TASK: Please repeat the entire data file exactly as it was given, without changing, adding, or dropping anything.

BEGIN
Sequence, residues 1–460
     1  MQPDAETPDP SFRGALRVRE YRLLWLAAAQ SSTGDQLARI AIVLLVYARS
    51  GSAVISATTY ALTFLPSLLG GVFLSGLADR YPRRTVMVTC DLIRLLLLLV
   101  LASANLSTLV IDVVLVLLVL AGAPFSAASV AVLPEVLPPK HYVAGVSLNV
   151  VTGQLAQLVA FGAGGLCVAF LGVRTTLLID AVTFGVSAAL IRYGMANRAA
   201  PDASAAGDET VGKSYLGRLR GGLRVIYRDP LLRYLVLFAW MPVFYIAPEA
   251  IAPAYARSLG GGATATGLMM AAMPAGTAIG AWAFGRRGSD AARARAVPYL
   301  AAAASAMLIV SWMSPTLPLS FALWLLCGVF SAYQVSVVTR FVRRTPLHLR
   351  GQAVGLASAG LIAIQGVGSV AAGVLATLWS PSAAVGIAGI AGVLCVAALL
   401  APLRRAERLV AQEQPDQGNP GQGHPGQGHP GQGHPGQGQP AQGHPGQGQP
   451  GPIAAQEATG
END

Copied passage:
Sequence, residues 1–460
     1  MQPDAETPDP SFRGALRVRE YRLLWLAAAQ SSTGDQLARI AIVLLVYARS
    51  GSAVISATTY ALTFLPSLLG GVFLSGLADR YPRRTVMVTC DLIRLLLLLV
   101  LASANLSTLV IDVVLVLLVL AGAPFSAASV AVLPEVLPPK HYVAGVSLNV
   151  VTGQLAQLVA FGAGGLCVAF LGVRTTLLID AVTFGVSAAL IRYGMANRAA
   201  PDASAAGDET VGKSYLGRLR GGLRVIYRDP LLRYLVLFAW MPVFYIAPEA
   251  IAPAYARSLG GGATATGLMM AAMPAGTAIG AWAFGRRGSD AARARAVPYL
   301  AAAASAMLIV SWMSPTLPLS FALWLLCGVF SAYQVSVVTR FVRRTPLHLR
   351  GQAVGLASAG LIAIQGVGSV AAGVLATLWS PSAAVGIAGI AGVLCVAALL
   401  APLRRAERLV AQEQPDQGNP GQGHPGQGHP GQGHPGQGQP AQGHPGQGQP
   451  GPIAAQEATG